Scotland politics

Scottish independence: Tesco plays down 'Yes' cost increase claim

Tesco trolley Image copyright Getty Images
Image caption Tesco supermarket said the referendum vote was a matter for the Scottish people

Supermarket giant Tesco has played down claims its prices would rise in an independent Scotland.

It described the suggestion in a pro-Union Better Together campaign leaflet as "entirely speculative".

A spokesman for Tesco said the company was "neutral on the referendum" which was "a matter for the Scottish people."

But Labour's Jackie Ballie, speaking on behalf of Better Together, said a "Yes" vote would "cost families in Scotland dear".

The statement from the UK supermarket was made after pro-Union literature used Tesco prices in Ireland to suggest that shopping in Scotland could cost 16% more after a "Yes" vote.

In a letter to a customer who had inquired about the claim in the leaflet, Tesco said "I can confirm that this is not true", adding that it had "a great business in Scotland" and would "continue to offer the best prices whatever the outcome of the referendum".

Tesco said that higher labour and energy costs, along with government levies on certain products such as wine, pushed up some prices in Irish supermarkets.

But the company insisted that "some items of fresh produce, meats and other household items" were actually cheaper in Tesco's stores in Ireland than in its stores in the UK.


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  • In a series running up to polling day, the BBC's reporters, correspondents and editors are looking at the major referendum questions and by using statistics, analysis and expert views shining a light on some of the possible answers.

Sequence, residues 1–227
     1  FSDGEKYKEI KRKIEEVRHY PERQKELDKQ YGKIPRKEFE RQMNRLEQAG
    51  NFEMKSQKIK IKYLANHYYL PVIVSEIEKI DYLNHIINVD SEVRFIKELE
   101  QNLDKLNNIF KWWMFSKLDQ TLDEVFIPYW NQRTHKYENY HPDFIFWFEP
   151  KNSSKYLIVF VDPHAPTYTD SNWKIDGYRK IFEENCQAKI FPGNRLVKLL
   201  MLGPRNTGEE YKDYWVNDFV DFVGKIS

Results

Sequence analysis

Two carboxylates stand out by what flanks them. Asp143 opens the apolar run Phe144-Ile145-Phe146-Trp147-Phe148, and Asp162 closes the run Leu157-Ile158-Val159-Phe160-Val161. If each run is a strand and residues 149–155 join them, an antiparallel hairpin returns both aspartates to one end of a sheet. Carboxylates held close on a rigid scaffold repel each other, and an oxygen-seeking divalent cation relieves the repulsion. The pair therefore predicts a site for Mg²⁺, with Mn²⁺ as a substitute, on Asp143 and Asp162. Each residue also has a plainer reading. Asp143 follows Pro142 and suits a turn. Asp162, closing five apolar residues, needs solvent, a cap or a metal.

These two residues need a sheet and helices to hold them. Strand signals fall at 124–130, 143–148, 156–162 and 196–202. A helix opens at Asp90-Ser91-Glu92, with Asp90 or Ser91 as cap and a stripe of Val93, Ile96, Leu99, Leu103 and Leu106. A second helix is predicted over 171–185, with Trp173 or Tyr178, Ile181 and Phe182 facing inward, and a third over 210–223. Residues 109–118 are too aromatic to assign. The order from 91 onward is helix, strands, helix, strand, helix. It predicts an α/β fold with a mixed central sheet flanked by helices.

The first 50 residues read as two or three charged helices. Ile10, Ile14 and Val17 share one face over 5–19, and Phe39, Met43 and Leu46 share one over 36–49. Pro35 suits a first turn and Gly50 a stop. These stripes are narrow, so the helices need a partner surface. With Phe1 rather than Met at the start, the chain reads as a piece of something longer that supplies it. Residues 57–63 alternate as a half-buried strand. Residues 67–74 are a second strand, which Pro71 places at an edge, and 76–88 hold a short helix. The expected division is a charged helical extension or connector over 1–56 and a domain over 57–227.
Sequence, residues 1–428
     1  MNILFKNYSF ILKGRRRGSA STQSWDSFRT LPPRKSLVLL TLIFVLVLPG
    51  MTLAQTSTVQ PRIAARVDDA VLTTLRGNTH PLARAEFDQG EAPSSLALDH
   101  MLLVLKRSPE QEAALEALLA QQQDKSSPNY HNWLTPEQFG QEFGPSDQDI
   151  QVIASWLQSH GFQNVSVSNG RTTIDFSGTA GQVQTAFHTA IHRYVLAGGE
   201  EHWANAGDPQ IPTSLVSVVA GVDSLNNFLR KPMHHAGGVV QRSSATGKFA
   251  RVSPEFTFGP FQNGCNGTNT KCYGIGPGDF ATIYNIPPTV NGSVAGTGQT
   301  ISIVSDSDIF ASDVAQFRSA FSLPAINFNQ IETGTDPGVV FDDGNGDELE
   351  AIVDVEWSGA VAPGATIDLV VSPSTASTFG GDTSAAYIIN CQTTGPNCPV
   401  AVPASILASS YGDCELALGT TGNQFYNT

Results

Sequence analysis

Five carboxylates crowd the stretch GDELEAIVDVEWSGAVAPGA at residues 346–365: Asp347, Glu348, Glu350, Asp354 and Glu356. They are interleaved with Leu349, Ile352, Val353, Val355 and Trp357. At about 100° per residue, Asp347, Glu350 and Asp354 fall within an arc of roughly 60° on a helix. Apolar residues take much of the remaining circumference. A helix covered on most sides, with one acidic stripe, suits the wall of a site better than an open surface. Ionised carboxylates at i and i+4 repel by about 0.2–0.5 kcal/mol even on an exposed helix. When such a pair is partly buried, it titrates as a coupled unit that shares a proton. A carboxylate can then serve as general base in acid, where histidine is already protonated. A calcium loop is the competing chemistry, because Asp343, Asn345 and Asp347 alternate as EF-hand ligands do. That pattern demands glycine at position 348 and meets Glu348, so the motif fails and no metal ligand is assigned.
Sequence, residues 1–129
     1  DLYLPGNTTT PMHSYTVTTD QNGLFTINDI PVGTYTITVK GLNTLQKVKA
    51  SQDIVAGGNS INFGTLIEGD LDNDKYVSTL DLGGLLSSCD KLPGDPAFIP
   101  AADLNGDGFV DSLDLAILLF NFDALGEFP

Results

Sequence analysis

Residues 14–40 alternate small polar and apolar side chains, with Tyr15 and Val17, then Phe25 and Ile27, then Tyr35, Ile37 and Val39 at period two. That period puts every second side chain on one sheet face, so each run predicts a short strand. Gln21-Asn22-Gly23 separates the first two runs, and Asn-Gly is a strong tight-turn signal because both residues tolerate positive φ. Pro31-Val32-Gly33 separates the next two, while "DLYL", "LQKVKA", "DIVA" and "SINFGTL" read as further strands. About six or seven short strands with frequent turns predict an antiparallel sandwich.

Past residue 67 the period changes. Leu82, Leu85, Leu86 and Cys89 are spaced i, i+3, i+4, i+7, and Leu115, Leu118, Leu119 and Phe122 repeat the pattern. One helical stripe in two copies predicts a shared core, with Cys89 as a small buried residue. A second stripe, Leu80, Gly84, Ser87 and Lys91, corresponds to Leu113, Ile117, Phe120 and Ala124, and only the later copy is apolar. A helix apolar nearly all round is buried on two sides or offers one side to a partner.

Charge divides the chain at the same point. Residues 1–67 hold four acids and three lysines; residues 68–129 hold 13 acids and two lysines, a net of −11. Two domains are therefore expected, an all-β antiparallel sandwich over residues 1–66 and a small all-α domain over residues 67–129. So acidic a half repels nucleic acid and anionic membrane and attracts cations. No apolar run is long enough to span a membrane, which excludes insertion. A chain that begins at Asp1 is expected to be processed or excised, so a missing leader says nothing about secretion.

The people of Scotland go to the polls on Thursday, 18 September, when they will be asked the "Yes/No" question: "Should Scotland be an independent country?"

Ms Baillie said experts had made it clear that leaving the UK would increase prices in Scotland.

She pointed to the work of Alan McKinnon, who is professor of Logistics at the Kuehne Logistics University in Hamburg.

He is reported to have said that if Scotland left the UK, the "the distribution of supplies from warehouses in England to shops and businesses in Scotland, many of which are currently internal inventory transfers, would become international trade".

The academic went on to say that would "be a very costly option and result in higher prices in the shops".

'Clarification welcome'

Ms Baillie said: "Times are tough enough already for families here without putting more pressures on the household budget. We know from the supermarket bosses and the experts that the cost of doing business in Scotland is more expensive than elsewhere in the UK.

"Being part of the UK means we can spread this extra cost amongst customers across the whole of the UK, rather than the burden falling on Scottish families alone."

However, the Yes Scotland campaign said that the intervention of Tesco to clarify its position had left the Better together campaign embarrassed.

The SNP's Derek Mackay said: "Tesco's clarification is welcome - the No campaign must withdraw their misleading leaflet as a matter of urgency.

"People across Scotland have already started casting their votes in the referendum - for them to be able to make the right choice they must be given the facts.

"That the decision was taken to include these ridiculous claims in their official referendum communication says it all - their complete lack of vision for Scotland means all they can do is scaremonger in a desperate attempt to convince people to vote No."


  • A referendum on whether Scotland should become independent is to take place
  • People resident in Scotland will be able to take part in the vote, answering the "yes/no" question: "Should Scotland be an independent country?"
  • The referendum will take place on Thursday, 18 September 2014
  • Go to the BBC's Scotland Decides page for analysis, background and explainers on the independence debate.

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